Tougher new food and drink rules come into effect in children’s media

Tough new rules banning ads for food and drinks high in fat, salt or sugar (HFSS) in children’s non-broadcast media come into effect on Saturday 1 July. The rules apply to media targeted at under-16s and will mean a major reduction in the number of ads children see for HFSS products.

Following a full public consultation last year by the Committee of Advertising Practice (CAP), and reflecting restrictions already in place on TV, the new rules apply to children’s non-broadcast media (including print, posters, cinema, online and in social media). And crucially, ads for HFSS products will no longer be allowed to appear around TV-like content online, such as video-sharing platforms, if it is directed at children. 
The new rules come in response to changing media habits amongst young people, with research showing that youngsters aged 5-15 are spending around 15 hours each week online – overtaking time spent watching a TV set. They also respond to wider concerns in society about the public health challenges surrounding childhood obesity and what part the advertising industry can play in helping to change our children’s relationship with less healthy foods.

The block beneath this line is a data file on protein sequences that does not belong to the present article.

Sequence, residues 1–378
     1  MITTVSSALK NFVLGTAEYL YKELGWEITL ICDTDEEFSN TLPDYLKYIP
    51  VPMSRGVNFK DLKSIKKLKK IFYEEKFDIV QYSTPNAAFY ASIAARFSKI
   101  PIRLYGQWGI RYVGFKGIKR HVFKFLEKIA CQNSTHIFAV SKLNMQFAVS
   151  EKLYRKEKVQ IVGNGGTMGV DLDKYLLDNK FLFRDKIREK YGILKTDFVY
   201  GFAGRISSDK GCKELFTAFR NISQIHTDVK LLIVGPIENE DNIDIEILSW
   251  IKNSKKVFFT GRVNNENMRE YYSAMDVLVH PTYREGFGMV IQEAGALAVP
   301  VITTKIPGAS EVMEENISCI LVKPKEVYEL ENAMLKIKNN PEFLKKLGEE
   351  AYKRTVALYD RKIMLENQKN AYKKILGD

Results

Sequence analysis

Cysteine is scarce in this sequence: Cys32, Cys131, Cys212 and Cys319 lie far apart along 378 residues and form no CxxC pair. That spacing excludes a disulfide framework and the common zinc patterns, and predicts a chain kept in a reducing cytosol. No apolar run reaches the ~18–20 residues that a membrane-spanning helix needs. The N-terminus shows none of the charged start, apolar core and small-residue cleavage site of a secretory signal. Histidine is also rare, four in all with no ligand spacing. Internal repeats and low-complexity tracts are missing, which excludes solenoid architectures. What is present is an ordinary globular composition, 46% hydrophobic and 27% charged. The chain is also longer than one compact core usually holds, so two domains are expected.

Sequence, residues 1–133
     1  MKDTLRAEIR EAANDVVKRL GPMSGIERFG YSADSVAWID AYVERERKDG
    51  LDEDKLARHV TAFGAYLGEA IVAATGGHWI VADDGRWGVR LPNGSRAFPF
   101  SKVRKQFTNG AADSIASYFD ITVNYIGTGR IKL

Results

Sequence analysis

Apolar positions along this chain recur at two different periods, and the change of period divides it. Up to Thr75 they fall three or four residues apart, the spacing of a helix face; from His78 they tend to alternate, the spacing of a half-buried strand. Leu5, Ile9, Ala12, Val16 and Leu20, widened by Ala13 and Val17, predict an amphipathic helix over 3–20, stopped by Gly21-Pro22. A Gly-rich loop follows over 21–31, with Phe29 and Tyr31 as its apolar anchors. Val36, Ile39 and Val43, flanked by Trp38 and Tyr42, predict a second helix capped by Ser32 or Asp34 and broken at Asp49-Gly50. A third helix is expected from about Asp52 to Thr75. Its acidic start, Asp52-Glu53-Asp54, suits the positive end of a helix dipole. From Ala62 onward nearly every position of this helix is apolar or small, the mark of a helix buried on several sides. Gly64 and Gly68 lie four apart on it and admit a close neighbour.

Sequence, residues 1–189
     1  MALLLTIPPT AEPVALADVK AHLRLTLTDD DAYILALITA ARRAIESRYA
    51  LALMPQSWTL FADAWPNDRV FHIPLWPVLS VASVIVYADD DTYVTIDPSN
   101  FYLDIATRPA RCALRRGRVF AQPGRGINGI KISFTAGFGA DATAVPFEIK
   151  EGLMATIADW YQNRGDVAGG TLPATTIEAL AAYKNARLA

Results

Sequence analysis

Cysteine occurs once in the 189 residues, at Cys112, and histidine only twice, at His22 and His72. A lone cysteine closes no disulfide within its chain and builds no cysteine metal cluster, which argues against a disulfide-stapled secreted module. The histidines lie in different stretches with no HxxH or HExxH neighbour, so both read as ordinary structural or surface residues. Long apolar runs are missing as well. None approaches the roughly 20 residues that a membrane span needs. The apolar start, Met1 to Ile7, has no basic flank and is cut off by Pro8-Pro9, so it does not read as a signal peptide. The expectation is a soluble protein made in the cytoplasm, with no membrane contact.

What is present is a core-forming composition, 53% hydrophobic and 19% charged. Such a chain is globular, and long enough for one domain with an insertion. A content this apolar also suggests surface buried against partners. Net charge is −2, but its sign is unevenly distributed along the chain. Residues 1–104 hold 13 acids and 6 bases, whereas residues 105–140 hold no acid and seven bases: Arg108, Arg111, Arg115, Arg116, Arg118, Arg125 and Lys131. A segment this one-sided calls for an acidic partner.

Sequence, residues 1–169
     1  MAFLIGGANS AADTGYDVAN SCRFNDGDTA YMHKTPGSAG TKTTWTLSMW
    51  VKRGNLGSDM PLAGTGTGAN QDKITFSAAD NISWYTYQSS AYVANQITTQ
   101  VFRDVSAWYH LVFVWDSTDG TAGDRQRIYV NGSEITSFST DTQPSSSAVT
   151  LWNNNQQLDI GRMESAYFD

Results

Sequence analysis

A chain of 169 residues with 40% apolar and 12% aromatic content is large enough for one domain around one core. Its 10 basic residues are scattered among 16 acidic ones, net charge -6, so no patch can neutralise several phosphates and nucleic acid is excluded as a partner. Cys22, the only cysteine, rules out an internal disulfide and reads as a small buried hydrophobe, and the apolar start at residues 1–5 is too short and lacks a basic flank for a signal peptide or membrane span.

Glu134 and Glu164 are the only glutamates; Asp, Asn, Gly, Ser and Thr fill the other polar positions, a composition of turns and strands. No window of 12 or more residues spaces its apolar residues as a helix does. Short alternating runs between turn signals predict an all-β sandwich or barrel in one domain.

In summary, the new rules state:

•    Ads that directly or indirectly promote an HFSS product cannot appear in children’s media
•    Ads for HFSS products cannot appear in other media where children make up over 25% of the audience 
•    If the content targets under-12s, ads for HFSS products will not be allowed to use promotions, licensed characters and celebrities popular with children; advertisers may now use those techniques to better promote healthier options
•    The Department of Health nutrient profiling model will be used to classify which products are HFSS

CAP recognises the multiple and complex factors, beyond advertising, that can be instrumental in childhood obesity; including parental influence, sedentary lifestyles and education.  While the evidence shows that advertising has a modest effect on children’s food preferences, CAP believes the new ad restrictions will still have a positive impact in reducing harm to children. 
Chairman of CAP, James Best said: “The tougher new advertising food rules are a significant and positive change designed to help protect the health and wellbeing of children. These measures demonstrate the advertising industry’s continuing commitment to putting the protection of children at the heart of its work. The new rules will alter the nature and balance of food advertising seen by children and play a meaningful part in helping change their relationship with less healthy foods.” 

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